Up to 22% of women suffer from high blood pressure while pregnant, making hypertensive disorders of pregnancy one of the most common pregnancy complications (Yücesoy et al., 2005; Leeman and Fontaine, 2008). Despite mixed evidence, hypertensive disorders of pregnancy have also been associated with increased risk of offspring neuropsychological impairment, including ADHD diagnostic status and WM impairment (Pohlabeln et al., 2017; Maher et al., 2018). Two year olds born to mothers with preeclampsia (a pregnancy complication characterized by high blood pressure) demonstrated impaired attention when compared to their peers (Korkman et al., 1994). Much more recently, Pohlabeln et al. (2017) found that offspring of mothers who experienced pregnancy-induced hypertension were two times more likely to later be diagnosed with ADHD, whereas related common disorders of pregnancy such as proteinuria and gestational diabetes posed no increased risk. Ratsep et al. (2016) found that offspring of mothers with preeclampsia exhibited specific impairments in WM, but deficits in areas of cognitive functioning such as inhibition and executive functioning were not detected.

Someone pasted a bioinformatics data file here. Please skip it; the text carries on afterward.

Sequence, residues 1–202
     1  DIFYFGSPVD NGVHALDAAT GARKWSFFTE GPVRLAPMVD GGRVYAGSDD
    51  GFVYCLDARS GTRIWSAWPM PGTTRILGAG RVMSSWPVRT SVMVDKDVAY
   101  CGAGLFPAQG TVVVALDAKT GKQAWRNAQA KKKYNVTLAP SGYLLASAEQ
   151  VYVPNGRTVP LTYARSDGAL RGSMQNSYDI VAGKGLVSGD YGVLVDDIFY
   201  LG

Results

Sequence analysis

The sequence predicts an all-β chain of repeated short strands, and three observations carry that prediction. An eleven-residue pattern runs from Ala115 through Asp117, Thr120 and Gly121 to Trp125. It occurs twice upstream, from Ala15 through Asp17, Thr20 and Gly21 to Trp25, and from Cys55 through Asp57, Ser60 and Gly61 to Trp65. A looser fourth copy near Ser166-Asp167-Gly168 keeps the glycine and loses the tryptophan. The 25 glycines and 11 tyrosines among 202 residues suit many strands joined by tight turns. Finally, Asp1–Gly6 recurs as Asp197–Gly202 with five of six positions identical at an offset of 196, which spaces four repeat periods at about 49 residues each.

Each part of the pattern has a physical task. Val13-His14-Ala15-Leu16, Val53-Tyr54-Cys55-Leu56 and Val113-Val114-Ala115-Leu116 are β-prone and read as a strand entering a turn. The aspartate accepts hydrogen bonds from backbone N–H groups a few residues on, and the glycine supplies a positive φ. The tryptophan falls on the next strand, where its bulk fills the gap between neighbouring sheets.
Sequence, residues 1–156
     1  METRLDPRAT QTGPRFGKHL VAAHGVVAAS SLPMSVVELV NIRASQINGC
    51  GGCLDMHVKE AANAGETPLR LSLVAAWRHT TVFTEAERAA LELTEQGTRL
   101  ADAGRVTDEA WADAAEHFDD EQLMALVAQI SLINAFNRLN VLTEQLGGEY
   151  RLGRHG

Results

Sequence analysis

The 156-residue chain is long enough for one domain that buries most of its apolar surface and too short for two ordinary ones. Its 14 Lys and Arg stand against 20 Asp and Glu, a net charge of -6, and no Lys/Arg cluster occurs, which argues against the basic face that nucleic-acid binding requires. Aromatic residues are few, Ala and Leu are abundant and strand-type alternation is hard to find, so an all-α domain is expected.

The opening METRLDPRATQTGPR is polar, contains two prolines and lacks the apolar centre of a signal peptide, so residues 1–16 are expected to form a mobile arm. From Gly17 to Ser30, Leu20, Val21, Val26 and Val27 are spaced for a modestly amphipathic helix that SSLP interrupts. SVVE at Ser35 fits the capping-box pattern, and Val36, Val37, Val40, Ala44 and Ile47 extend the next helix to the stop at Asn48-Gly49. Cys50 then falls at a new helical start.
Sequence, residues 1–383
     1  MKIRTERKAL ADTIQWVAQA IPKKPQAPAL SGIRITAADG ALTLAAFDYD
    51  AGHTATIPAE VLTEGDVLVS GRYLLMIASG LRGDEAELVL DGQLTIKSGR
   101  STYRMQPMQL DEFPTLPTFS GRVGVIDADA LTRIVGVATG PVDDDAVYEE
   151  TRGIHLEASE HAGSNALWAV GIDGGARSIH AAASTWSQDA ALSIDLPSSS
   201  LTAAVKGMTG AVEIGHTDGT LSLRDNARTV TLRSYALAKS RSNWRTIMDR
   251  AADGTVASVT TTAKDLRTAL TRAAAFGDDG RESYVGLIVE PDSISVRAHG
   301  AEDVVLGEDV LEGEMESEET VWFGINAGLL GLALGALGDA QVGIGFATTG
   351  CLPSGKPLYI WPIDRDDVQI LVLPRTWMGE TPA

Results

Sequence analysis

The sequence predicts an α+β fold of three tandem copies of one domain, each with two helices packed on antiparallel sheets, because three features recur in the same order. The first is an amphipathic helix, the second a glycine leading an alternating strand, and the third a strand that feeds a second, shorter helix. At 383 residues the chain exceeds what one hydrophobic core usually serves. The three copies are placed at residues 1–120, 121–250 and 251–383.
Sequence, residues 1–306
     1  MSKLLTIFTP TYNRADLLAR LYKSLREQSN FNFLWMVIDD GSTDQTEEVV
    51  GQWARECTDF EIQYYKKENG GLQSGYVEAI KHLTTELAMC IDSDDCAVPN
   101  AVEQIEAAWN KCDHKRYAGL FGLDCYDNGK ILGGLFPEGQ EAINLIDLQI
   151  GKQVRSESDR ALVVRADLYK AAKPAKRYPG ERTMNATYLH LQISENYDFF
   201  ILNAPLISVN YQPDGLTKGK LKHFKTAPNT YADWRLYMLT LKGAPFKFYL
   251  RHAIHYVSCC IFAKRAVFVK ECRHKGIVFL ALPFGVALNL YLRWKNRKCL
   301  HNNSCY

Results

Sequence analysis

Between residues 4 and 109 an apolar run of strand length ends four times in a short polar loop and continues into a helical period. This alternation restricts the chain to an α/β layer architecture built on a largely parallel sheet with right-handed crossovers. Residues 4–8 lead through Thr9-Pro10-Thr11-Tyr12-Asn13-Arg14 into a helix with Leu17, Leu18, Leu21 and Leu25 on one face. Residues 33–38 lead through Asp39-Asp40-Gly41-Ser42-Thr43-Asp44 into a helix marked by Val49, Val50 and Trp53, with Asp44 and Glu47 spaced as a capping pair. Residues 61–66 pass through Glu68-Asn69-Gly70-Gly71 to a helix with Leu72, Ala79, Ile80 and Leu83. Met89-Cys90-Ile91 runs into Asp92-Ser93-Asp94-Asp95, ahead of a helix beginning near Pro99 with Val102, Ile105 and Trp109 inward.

Mechanisms explaining the relation between hypertensive disorder of pregnancy and impaired fetal neurodevelopment are not yet well understood, but may include fetal malnutrition and intrauterine growth restriction, both of which can occur as a result of placental dysfunction associated with maternal hypertension. Fetal exposure to hypoxia occurring as a result of gestational hypertension has also been suggested to affect fetal brain development (Wade and Jenkins, 2016). Animal studies examining the effect of preeclamptic pregnancy on offspring neurodevelopment have shown disrupted neurogenesis (Liu et al., 2016). However, further work elucidating these mechanisms is needed.